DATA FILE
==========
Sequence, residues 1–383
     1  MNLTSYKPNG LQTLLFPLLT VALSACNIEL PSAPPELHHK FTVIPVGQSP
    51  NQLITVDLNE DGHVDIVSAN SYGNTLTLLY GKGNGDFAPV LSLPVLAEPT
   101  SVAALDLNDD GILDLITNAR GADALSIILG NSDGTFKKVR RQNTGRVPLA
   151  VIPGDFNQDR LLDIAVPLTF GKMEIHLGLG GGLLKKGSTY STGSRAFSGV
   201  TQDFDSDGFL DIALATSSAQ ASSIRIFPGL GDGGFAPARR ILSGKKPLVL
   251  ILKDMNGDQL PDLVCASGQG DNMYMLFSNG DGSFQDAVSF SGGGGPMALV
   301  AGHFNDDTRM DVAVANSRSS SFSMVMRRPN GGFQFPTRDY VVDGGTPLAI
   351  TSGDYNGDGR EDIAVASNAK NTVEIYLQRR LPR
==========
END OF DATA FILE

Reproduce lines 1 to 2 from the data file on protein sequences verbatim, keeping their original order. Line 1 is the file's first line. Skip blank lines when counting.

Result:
Sequence, residues 1–383
     1  MNLTSYKPNG LQTLLFPLLT VALSACNIEL PSAPPELHHK FTVIPVGQSP